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Queensland Pacific Metals enters binding supply agreement for up to 1M tonnes per year of nickel-containing limonite

Australia-based Queensland Pacific Metals (QPM) has entered into a binding ore supply agreement with Société Le Nickel (SLN), a subsidiary of Eramet Group, up to 1,000,000 wet metric tonnes (wmt) of nickel-containing limonite ore per annum to QPM. The approval is valid through to 2029, in line with SLN’s existing export approvals that are currently in place.

QPM is developing its 100%-owned Townsville Energy Chemicals Hub (TECH) Project—a battery metals refinery, 40 km south of Townsville, in northern Queensland. The TECH Project will produce critical metals for the rapidly emerging lithium-ion battery and electric vehicle sector.

SLN is the world’s top producer of ferronickel and has multiple mine sites in New Caledonia with operations dating back to 1880. The Government of New Caledonia has approved an increase in the annual nickel ore export quota of SLN, including the supply to QPM.

SLN and QPM had signed a Memorandum of Understanding in April 2021 contemplating ore supply of 800,000 wmt per annum.

Specifications for the limonite ore include:

  • 1.4 – 1.7% Ni (typical 1.6%)
  • 0.1 – 0.25% Co (typical 0.18%)
  • 30.0 – 47.5% Fe (typical 42%)
  • 1.5 – 8.0% MgO (typical 2%)
  • 2.0 – 9.0% Al2O3 (typical 3%)
  • 28.0 – 40.0% moisture (typical 33%)

As part of the Agreement, SLN and QPM have also agreed to explore other partnership opportunities regarding additional ore supply and potential TECH Project participation.

Limonite is a mineraloid—an amorphous substance that would otherwise have the attributes of a mineral—composed mainly of hydrous iron oxides that are often found in intimate associations with iron minerals. Limonite is a general term for a mixture of fine-grained iron oxides, generally dominated by goethite, but also possibly containing hematite, lepidochrocite and other minerals.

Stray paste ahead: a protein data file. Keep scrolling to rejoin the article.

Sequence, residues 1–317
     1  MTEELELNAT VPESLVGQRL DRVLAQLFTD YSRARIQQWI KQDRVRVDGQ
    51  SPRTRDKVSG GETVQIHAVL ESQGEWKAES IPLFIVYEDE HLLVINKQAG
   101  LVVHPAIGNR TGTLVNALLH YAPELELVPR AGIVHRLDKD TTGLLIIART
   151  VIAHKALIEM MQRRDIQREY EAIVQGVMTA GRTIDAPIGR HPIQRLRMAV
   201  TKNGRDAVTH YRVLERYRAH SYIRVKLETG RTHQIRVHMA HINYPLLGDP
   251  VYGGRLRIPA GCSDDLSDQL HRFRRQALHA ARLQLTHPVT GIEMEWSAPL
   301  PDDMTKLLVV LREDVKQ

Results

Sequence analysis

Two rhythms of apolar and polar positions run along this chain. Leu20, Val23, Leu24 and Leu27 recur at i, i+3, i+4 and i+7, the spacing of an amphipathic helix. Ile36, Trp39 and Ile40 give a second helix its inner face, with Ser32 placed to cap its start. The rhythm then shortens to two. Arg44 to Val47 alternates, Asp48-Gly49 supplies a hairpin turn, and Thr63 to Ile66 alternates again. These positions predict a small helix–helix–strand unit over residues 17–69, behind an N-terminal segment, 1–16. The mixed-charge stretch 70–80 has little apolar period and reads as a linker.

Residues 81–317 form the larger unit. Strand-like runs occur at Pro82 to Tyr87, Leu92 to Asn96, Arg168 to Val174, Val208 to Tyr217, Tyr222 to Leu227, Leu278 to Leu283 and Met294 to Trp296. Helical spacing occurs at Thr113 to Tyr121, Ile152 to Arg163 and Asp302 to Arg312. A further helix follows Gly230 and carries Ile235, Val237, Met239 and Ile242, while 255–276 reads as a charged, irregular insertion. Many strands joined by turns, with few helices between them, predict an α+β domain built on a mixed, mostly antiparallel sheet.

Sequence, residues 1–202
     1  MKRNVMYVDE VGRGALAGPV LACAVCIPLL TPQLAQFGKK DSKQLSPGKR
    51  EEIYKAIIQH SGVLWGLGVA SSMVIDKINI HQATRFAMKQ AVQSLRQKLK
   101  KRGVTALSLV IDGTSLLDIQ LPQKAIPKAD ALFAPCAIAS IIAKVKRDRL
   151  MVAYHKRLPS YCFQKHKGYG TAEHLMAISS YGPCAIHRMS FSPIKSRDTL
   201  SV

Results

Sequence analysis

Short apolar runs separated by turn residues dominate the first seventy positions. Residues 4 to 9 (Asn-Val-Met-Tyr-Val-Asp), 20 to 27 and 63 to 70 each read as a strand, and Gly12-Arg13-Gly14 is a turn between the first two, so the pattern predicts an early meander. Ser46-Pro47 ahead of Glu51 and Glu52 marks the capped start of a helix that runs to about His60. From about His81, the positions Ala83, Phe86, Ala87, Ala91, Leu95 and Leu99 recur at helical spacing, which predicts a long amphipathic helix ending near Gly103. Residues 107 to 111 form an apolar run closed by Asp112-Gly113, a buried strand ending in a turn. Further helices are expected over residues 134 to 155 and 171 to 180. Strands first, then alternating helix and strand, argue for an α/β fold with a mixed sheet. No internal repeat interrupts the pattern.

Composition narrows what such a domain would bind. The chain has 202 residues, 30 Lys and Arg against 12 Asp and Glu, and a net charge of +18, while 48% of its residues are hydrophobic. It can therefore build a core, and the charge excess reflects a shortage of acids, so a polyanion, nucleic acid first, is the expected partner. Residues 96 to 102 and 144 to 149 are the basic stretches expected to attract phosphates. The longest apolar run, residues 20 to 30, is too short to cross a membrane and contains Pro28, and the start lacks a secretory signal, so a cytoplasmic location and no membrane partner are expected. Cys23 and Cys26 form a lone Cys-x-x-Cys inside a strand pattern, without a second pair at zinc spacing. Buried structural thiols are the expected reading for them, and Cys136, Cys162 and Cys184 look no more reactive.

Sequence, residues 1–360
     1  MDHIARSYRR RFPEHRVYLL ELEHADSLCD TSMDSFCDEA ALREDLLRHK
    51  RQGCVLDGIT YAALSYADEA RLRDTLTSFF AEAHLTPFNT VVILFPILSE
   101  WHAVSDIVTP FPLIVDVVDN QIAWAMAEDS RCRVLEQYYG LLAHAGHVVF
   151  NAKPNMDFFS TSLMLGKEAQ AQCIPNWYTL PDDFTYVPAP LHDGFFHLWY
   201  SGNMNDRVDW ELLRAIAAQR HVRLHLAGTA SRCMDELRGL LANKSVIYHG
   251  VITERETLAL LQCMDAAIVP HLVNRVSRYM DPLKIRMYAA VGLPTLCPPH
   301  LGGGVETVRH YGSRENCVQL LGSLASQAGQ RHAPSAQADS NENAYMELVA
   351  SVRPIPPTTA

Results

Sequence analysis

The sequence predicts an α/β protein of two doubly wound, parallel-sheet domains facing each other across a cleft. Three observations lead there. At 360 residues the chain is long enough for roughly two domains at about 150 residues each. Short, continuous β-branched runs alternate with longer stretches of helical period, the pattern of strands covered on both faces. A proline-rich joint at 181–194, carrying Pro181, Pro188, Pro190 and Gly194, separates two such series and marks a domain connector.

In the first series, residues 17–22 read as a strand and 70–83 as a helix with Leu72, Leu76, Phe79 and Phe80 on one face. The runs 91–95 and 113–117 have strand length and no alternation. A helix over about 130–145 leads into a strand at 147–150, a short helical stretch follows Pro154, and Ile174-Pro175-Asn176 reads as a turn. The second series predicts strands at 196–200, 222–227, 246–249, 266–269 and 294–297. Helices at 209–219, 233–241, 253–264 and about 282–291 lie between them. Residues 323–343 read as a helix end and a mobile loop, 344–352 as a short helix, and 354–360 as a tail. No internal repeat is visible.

QPM has licensed the DNi Process from Altilium Group for processing high-grade nickel laterite ore. The DNi Process is a more environmentally friendly process for extracting nickel, cobalt and other valuable metals from laterite ore that ensures sustainability of natural resources. Key features of the DNi Process are >98% recycling of nitric acid, no requirement for tailings dams and minimal waste products.

Lateritic ore is divided into limonite (oxide ore) and saprolite (silicate ore). While the DNi Process can treat the entire laterite ore profile, QPM is targeting the purchase of limonite ore.

Elias

Schematic laterite profile. Elias, M. (2002)


The global seaborne nickel ore trade is almost exclusively saprolite ore, which sits below the limonite ore body layer. (Saprolite type nickel ore formed beneath the limonite zone. It contains generally 1.5-2.5% nickel and consists largely of Mg-depleted serpentine in which nickel is incorporated.)

The saprolite is used to produce nickel pig iron and ferronickel operations and can’t be easily, cheaply or sustainably converted into battery-grade nickel and cobalt-sulfate for lithium-ion batteries.

Saprolite ore miners either avoid areas with a high proportion of limonite, or have to mine through the limonite and either stockpile or treat it as overburden, creating significant inefficiencies. By exclusively purchasing limonite ore, QPM delivers a strategic benefit to any counterparty it deals with.

New Caledonia, and the world, is awash with limonite resources that remain undeveloped—the successful commercialization of the TECH Project will be a game changer for these deposits and their ability to form part of global, sustainable nickel production.

—QPM Managing Director Dr Stephen Grocott

Resources

  • Fajar Nurjaman, Widi Astuti, Fathan Bahfie, Bambang Suharno (2021) “Study of selective reduction in lateritic nickel ore: Saprolite versus limonite,” Materials Today: Proceedings, Volume 44, Part 1, Pages 1488-1494 doi: 10.1016/j.matpr.2020.11.687

  • Kaczan, W., Kudełko, J. & Wirth, H. (2021) “Szklary nickel deposit — a review and introduction to attempts in hydrometallurgical processing.” Miner Econ 34, 315–322 doi: 10.1007/s13563-021-00269-0 (open access)

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